Zombies of the Living Dead – Part One

Introduction to a Zombie Nightmare

Hollywood zombies are overrated. Those crazy “Living Dead” movies, although horrifically exciting, are not based on reality. Sorry to burst your blithering bubbles, folks! So what is the reality behind zombies, those reanimated corpses that are accursed and accused of stumbling around and pursuing helpless victims? What is the origin of these strange creatures called zombies? What factors or ingredients are put together to transform a regular human into a deathly “unalive” zombie? What is their diabolical purpose? What insidious masterminds are behind these dreadful undead zombies? We will delve into these questions and unravel the hideous truth!

The Hideous History of Zombies

Technically, a zombie is a dead human that has been revived or supernaturally resurrected, and although Hollywood has been known to revive many of these corpses from graves, the real scoop is that voodoo witchdoctors are actually behind it all. These unromantic necromantic wizards know the real secrets for causing death to their victims and then reanimating them, transforming them into mindless, lifeless, obedient servants.

First let’s get into the morbid background about these deadbeat characters. Etymologically speaking, the modern word “zombie” is debatable, but the strongest possibility is that it comes from the Haitian Creole word, zonbi. Essentially a zonbi is a person who has died and then is resurrected. In the Haitian Voodoo cults this has a negative if not a diabolical connotation.

The ghastly art of zombification originated from the Voodoo religion which came out of Africa, particularly West Africa, where in the 17th century primitives were captured, who in turn became wretched slaves, and most likely they developed their sinister art to get back at their captors. This voodoo cult consisted of a combination of primal African religious ritualism and Roman Catholicism that European settlers brought to the land.

The voodoo arts are found in various countries across the world, such as Haiti, Benin, China, Japan, parts of South America, and many of the black communities in North America, particularly the South, and it was especially popular in New Orleans.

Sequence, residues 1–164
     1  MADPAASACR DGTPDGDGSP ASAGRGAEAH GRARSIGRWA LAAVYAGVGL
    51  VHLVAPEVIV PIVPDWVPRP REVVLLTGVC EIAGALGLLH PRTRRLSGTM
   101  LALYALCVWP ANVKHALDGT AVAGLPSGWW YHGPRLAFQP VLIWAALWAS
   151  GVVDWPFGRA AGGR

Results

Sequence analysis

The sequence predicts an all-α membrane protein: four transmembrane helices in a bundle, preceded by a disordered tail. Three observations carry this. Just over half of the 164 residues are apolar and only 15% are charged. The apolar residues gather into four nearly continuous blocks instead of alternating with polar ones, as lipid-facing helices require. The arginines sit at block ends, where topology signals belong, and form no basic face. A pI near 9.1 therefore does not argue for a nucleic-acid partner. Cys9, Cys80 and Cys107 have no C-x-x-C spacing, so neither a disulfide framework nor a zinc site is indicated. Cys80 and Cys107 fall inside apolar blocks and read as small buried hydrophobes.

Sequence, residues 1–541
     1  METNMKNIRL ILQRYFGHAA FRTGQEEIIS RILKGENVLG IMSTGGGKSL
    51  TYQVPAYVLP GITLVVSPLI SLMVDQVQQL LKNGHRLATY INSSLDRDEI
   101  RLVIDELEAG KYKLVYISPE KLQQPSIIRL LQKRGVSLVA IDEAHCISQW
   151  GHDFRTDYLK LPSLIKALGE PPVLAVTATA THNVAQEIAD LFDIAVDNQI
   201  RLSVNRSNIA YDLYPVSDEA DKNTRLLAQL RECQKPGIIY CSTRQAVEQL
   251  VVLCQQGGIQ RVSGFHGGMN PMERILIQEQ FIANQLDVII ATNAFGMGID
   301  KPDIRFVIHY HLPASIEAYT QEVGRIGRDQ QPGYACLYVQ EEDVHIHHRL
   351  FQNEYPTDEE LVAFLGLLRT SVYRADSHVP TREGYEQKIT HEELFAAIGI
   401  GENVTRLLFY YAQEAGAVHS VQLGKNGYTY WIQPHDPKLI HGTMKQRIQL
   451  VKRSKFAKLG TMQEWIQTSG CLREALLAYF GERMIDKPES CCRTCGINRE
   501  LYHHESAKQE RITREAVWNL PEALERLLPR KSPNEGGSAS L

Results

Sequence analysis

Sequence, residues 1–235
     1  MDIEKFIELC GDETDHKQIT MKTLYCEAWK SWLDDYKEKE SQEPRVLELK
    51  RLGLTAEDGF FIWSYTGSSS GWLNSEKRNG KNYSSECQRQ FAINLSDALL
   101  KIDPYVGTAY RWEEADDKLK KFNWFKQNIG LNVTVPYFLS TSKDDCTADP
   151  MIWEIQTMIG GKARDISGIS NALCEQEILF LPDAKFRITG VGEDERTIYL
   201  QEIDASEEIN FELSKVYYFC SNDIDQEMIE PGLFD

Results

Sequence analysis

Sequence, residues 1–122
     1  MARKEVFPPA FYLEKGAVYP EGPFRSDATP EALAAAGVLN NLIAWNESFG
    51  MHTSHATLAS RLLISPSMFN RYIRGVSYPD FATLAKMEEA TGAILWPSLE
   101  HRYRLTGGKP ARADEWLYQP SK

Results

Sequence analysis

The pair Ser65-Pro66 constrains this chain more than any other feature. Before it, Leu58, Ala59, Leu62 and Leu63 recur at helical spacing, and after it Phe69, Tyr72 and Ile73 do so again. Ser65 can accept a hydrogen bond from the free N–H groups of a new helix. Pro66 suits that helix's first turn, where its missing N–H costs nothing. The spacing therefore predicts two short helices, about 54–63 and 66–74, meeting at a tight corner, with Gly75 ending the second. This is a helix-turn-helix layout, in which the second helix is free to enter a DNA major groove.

The Diabolical Art of the Dead

The insidious practice of voodoo zombification became commonplace on the island of Haiti in the Caribbean Sea as performed by sorcerers and witchdoctors in particular, or as some are called “bokor” or voodoo sorcerers.

These sinister necro-wizards would capture unsuspecting individuals to perform their evil magic on them, usually through a specific spell, or by giving them a magic potion, which actually amounts to a poisonous drug. The victim would undergoes a death state and was usually buried for a period of time. Then the victim was resurrected and could be used as a mindless servant to obey its master’s bidding. They were technically brain-dead, and were void of self-awareness, but they functioned at an unconscious level where the free will is completely suspended, whereby they could only heed the will of their master. Often they were used as thugs or even assassins, to commit crimes or such misdeeds. For example, the dictator of Haiti in the 1960s, Papa Doc Duvallier, created a special army of zombies, to go out on various missions, performing various misdeeds, whether to just rough people up or to murder them.

There have been cases of individuals that died, and then they were buried by their families as expected, then many years later they were resurrected and came back to life, but as lifeless lethargic humans in most cases, although some did seem somewhat cognizant. Obviously these individuals were victims of voodoo witchdoctors.

Certain accounts describe a real life zombie in this way: “The eyes were the worst. It was not my imagination. They were in truth like the eyes of a dead man, not blind, but staring, unfocused, unseeing. The whole face, for that matter, was bad enough. It was vacant, as if there was nothing behind it. It seemed not only expressionless, but incapable of expression.” This is from William Seabrook, who wrote The Magic Island, where he claims to have had first-hand encounters with these zombies in Haiti. (source from Voodoo Zombies at Monstrous.com)

Obviously this description sounds a lot like those Hollywood zombies, so I can see where the moviemakers got their weird ideas. Or do they just have an overactive imagination?